3.Public policy issues must be protected from attack by commercial trade agreements. In particular, areas such as health and safety, education, culture, energy, food and water security, social and public services, public transport, environmental and animal protection must not be subject to international free trade rules which over-ride non-trade policy objectives. Therefore priority must be given in international law to the application of multilateral Treaties and Agreements which protect social, labour, environmental and other non-trade issues, including any future agreement on the mandate and authority of a World Environment Organisation, so that international trade rules become subsidiary to them. 4.Fair Trade not Free Trade. Developing and least-developed countries, which make up a substantial majority of the WTO membership, must be given their rightful place in the trade network. They require continuing special and different treatment to take account of their relatively weak position in the international trading system. The concept of Fair Trade requires that trade rules should also recognise and respect fundamental human and workers' rights, including the rights of indigenous peoples. Local producers, particularly those who cultivate basic food commodities, should be guaranteed to receive an equitable price for their produce.
5.Meaningful democratic control of the WTO must be established. People must have the right to self-determination and the right to know and decide on international commercial commitments. Among other things, this requires that decision-making processes in negotiations and enforcement within international commercial bodies be democratic, transparent and inclusive (internal transparency) and that a genuine legislative scrutiny by elected representatives of member countries be established (external transparency). This means that the negotiating mandate for all trade deals should be explicitly set in advance by national or regional parliaments and that the results should be reported back to those bodies so that their conformity with the terms of the mandate can be judged.
The voice of civil society organisations and parliamentarians, as represented, for example, by the World Social Forum and the World Parliamentary Forum, must be heard.
6.Reform the Agricultural Priorities. Reform of the objectives of the Agriculture Agreement has to go hand-in-hand with reform of the EU's Common Agriculture Policy. They both need re-orientation away from the 'trade in quantity' approach towards a sustainable and integrated rural policy, emphasising the identity of local/regional food production and distribution and food/water security and sovereignty. It is extremely unlikely that this can be achieved in the WTO context and consideration should be given to transferring international responsibility for agricultural development to an independent forum, building on and developing the mandate and democratic structures of organisations such as the UN Food and Agriculture Organisation (FAO) in Rome.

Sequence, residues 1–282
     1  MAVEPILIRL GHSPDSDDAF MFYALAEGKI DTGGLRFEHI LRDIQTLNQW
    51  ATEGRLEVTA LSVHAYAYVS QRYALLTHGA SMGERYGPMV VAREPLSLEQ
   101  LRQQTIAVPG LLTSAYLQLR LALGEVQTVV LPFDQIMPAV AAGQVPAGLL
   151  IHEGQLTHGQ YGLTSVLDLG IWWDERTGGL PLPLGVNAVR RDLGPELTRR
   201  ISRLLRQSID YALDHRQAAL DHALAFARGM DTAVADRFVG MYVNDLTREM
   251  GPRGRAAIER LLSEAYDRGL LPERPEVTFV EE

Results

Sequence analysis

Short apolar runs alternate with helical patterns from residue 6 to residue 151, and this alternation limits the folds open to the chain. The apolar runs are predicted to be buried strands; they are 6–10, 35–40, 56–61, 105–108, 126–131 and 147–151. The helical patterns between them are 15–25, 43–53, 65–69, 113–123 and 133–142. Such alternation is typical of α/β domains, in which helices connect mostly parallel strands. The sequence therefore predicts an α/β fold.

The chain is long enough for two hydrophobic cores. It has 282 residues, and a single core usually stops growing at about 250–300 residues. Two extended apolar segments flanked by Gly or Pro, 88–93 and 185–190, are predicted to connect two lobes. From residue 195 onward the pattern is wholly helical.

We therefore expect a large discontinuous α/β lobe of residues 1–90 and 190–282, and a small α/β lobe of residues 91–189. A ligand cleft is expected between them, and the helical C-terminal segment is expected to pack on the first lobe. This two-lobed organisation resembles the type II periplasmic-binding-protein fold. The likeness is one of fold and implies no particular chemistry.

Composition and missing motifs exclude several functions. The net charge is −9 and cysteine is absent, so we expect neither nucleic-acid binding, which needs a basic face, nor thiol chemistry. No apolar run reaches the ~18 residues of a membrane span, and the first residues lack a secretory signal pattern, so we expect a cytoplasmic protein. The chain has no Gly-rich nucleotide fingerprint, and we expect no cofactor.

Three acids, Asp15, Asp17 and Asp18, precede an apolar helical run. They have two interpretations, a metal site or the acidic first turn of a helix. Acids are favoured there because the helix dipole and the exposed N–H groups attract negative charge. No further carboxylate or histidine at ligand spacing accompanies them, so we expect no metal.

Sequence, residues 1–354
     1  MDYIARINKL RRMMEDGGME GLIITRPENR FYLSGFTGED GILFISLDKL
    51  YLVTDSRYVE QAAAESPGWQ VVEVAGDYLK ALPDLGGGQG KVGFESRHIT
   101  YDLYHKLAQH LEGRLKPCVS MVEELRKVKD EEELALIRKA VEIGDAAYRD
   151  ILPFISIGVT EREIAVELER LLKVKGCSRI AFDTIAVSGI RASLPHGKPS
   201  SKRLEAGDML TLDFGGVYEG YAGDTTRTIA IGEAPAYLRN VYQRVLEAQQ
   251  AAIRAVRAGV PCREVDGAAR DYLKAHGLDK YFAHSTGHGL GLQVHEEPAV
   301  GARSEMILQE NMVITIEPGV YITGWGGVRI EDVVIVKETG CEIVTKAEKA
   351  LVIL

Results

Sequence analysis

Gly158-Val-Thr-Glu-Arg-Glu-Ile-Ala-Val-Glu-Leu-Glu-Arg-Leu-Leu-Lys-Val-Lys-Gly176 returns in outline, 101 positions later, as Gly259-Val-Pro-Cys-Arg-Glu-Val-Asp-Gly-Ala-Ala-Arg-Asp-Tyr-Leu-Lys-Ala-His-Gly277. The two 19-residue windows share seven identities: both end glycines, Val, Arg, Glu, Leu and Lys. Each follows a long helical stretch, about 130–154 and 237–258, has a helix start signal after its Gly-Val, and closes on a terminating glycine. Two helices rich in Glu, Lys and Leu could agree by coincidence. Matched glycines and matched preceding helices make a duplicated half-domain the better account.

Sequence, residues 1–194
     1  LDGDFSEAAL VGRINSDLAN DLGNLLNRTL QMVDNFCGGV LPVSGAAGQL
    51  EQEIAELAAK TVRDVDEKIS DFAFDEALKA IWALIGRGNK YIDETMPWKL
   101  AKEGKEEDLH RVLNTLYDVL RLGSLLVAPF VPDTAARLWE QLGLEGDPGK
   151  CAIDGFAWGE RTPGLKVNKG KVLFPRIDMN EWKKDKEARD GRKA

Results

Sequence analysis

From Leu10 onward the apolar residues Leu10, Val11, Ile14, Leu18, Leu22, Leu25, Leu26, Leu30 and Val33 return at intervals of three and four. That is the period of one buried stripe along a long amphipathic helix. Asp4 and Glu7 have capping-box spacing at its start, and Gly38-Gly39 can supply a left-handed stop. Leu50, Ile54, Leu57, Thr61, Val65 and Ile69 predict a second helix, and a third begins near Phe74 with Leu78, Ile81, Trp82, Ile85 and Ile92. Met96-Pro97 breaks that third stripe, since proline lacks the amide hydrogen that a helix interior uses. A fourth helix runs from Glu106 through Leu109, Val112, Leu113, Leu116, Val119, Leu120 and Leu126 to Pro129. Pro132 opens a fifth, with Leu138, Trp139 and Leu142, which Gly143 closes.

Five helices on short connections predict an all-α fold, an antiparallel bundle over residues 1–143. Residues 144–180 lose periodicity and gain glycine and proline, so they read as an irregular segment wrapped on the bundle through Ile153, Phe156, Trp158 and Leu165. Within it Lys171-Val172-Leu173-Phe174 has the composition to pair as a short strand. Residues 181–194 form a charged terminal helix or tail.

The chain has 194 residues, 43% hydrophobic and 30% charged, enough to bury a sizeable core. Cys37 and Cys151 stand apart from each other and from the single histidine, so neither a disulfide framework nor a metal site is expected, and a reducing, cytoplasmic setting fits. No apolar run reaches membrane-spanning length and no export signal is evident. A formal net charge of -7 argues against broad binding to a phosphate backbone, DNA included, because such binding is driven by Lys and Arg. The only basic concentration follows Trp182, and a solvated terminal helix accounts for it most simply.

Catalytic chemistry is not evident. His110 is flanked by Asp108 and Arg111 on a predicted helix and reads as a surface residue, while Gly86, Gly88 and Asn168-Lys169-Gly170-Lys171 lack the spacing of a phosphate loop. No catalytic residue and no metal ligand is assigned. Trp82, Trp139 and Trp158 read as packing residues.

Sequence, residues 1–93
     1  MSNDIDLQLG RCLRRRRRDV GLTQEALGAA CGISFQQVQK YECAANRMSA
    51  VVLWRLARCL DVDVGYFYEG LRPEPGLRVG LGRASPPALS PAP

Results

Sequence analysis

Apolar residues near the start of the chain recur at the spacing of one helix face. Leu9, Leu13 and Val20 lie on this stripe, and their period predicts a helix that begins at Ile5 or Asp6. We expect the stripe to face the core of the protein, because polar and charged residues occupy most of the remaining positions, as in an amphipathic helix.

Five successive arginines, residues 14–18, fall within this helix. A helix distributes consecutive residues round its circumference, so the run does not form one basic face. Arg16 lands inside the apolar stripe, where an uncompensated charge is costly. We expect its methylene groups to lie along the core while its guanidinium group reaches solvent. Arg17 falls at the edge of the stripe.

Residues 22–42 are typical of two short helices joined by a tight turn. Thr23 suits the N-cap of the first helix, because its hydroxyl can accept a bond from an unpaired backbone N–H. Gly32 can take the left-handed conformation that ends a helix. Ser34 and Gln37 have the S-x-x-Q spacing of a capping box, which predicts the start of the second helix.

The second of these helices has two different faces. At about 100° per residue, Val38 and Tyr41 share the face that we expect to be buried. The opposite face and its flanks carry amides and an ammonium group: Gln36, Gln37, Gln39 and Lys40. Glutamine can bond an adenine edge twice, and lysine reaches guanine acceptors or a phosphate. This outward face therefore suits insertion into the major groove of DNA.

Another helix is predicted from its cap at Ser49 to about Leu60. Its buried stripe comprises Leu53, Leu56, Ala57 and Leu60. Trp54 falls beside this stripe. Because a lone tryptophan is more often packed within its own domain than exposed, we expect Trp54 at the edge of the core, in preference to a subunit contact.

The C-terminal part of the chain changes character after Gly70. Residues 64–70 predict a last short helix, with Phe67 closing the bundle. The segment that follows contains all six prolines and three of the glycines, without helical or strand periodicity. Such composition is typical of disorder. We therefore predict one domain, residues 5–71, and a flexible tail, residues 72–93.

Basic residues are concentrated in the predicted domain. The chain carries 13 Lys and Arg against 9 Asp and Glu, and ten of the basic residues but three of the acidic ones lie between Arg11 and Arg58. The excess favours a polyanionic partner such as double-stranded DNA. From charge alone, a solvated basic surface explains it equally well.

7.Human Needs cannot be treated as mere Commodities. The patenting of life forms including microorganisms must be prohibited in all national and international regimes in order to protect biodiversity, food security and local peoples' rights and to restrain private corporate access to and control over genetic resources; Article 27.3b of TRIPs must be renegotiated to achieve this. The right for farmers to re-use saved seed free from patent or other contractual restrictions must be re-established. Biopiracy or theft of traditional knowledge must be made legally actionable. The Trade-Related Intellectual Property Agreement (TRIPs) has also to be re-negotiated to allow governments to limit or deny patent protection on life-saving medicines in order to protect public health and safety.
8.The Disputes Settlement Mechanism needs to be removed from the auspices of the WTO and transferred to an independent or UN-supervised body, to avoid the WTO acting as both judge and jury in trade disputes. Respect for the principles of sustainable development must be at the forefront of all dispute settlements.
9.Reform the Economic and Trade Ethos. The International Monetary Fund, the World Bank and the regional development banks must convert the debts owed to them by poor countries into regional investment programmes for sustainable development. The use of structural adjustment programmes to force trade liberalisation on developing and emerging countries must be stopped. The emphasis thus needs to be moved away from considerations of pure competitiveness between nations, towards re-building local and regional economies across the world. Governments must negotiate, through the UN system and with full democratic participation, a binding and enforceable agreement to ensure that corporate conduct is socially and environmentally responsible and democratically accountable.
10.A moratorium is needed on further Plurilateral, Regional and Bilateral Trade Deals. Each of the dominant developed countries is now engaged in a race to tie up trade deals with a range of 'partners' (including non-WTO members) on all those trade issues which either remain outside the WTO agreements or where the agreements are regarded as too commercially weak, as in the case of the proposed FTAA rules on foreign direct investment or the EU's policy of imposing stronger intellectual property clauses on weaker trading partners.
(1) Internal European Commission analysis paper MD: 509/03 28 October 2003.Adopted by the Greens/EFA Group in the European Parliament on 27 June 2001. Revised version December 2003